The pandemic lockdowns made us rethink how we work, play, and learn. Authors and illustrators had to adjust, just like the schools and libraries which relied on them visiting in person.
In the end, we learned what we like, or don’t like about being more in charge of our days. This change to hybrid working might be long-lasting. Working in front of a camera is now so normal that we don’t even think about it. I’ve broadcasted to more people than ever before from my living room! However, not being in the same space as readers is challenging.
The Centre of Literature in Primary Education (CLPE) runs several courses for teachers and publishing professionals. CLPE’s Charlotte Hacking and author/illustrator and CLPE Patron, Ed Vere devised The Power of Pictures project. It helps teachers choose and use picture books across the primary school, understand the process that goes into developing a picture book, and develop meaningful relationships between authors and schools.
I came across Officina do Cego, run by a group of crafts and art people in Lisbon, thanks to Kristine Martinova. She introduced us to the president of the Association, Nuno Ramos, who explained how they teach and make work using screen and letterpress printing. They make their own books, so also teach bookbinding.
Walking into the place I found machines that fondly reminded me of my early days in graphic design. I started young, around 15 years old, working during school holidays in the Maviyane Project.
These were the days before computers in the office and we did all the artwork by hand. I mean, totally by hand. We traced letters to make layouts and stuck things down with hot wax. We calculated the size of type that would work for a book using a formula and then sent that to the typesetters who sent us back rolls of text on photographic paper. If it wasn’t right the whole process had to be done again, causing delays, among other things. Attention to detail meant a lot more than it does now- it could end a project, or worse still a job.
We carried all of that experience to the computer age, thankfully.
It was a wonderful trip down memory lane. I might take one of their courses next time.
There were many children online for the live reading, which was followed by a discussion about the book Astro Girl. Many more will watch the recording of the event on the San Francisco Public Library YouTube page. All in all, it’s been a good few months for the book. It was also featured in the South African Festival of Children’s Literature and the insights section of Communication Arts Magazine.
If it were any other time, I would still be recovering from jet lag, but the pandemic meant harnessing the power of the internet.
Here’s a link to the recording on San Francisco Public Library’s YouTube channel:
Stars With Flaming Tales won the CLiPPA award for poetry!
The CLiPPA (Centre for Literacy in Primary Poetry Award) is solely presented for published poetry for children in the UK. Established in 2003, the Poetry Award encourages and celebrates outstanding poetry published for children.– CLPE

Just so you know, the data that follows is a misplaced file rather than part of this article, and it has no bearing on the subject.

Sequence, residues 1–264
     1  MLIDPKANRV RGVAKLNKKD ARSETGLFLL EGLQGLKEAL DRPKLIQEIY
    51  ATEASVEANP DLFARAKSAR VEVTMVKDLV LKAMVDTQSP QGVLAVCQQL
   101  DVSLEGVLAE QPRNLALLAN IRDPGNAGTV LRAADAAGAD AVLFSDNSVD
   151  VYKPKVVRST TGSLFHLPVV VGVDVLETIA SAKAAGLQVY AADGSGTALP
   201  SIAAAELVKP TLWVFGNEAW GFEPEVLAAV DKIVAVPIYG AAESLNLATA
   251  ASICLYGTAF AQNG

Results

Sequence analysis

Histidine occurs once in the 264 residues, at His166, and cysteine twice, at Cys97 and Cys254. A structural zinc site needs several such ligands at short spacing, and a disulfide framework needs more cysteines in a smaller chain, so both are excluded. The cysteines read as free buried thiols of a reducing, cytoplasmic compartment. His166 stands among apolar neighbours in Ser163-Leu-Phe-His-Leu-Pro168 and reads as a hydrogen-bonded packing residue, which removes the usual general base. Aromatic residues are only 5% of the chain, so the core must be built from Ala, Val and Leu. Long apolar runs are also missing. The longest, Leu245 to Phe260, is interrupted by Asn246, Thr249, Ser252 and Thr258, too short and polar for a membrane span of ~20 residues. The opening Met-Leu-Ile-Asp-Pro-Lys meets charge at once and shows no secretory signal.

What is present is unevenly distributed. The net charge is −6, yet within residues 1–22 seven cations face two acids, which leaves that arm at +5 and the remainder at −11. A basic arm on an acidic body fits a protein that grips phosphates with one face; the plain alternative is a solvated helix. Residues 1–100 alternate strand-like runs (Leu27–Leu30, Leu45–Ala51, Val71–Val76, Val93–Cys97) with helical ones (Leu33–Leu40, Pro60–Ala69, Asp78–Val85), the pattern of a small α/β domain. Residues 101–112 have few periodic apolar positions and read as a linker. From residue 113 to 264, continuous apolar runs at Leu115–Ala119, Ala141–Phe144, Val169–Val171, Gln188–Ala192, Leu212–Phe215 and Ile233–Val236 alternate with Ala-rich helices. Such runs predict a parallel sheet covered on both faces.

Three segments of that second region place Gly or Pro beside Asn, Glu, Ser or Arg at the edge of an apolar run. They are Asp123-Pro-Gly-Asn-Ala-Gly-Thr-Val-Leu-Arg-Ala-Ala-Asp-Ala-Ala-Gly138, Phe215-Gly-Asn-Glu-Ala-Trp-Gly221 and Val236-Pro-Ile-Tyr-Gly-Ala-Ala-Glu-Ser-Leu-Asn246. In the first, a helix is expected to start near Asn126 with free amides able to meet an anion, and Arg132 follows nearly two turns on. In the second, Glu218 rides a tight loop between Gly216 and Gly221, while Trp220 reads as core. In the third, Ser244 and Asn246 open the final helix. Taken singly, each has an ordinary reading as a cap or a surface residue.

I enjoyed working with poet Valerie Bloom on the anthology of poems for children called Stars With Flaming Tails. It was the first time I have illustrated poetry, and hopefully not the last.
A few years back during a literary event, we had talked about possibly working together, but neither of us knew how exactly that might happen… the catalyst turned out to be our publisher, Janetta Otter-Barry.
I worked digitally in black and white. Together with the team – Valerie Bloom, Ariana Osti (designer), and Janetta Otter-Barry (publisher and editor)- we created a very powerful, meaningful book.
But don’t take my word for it, the reviews from Achuka and the blog of the live event hosted by the University of Manchester give a really good idea of what to expect if you get a chance to buy the book.
Illustrating digitally meant that I could use the time-lapse feature to great effect during the live event. This was a great alternative to trying to do a live drawing in front of a camera!
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Early in 2020, Scoop Magazine asked if was interested in illustrating some stories in a comic strip style. I have secretly wanted to do something like this for quite some time so jumped at the chance. Furthermore, the strips were to be activist or historical, which is a space that I follow regularly. In fact, many of my books are inspired by some sort of activism.
I am looking forward to finding a digital style. That medium requires a slightly different way of thinking to paint and canvas. I chose to use a tablet, which meant taking a chance and buying one. So it’s more expensive than working traditionally and more time-consuming learning how to make the digital tools do what you want.
The overall effect is that it feels like being a fresh new illustrator who is risking a lot to make this work. When there is a lot at stake it can be easier to focus and stay focused, which is a good thing. Still caught up in the excitement of each project I can see a bigger picture… a graphic novel one day, perhaps, or some other grand project involving telling a story frame by frame.
The work hasn’t gone unnoticed. One of the assignments was to tell the story of John Blanke, an African in King Henry’s court. It has led to a commission for the John Blanke Project. So on some level, the results are exactly as hoped. And it seems like Scoop readers are enjoying the stories too. Working with a team of people that have the same goal is always a pleasure ad they have been patiently supporting and fine-
tuning each story. Long may it continue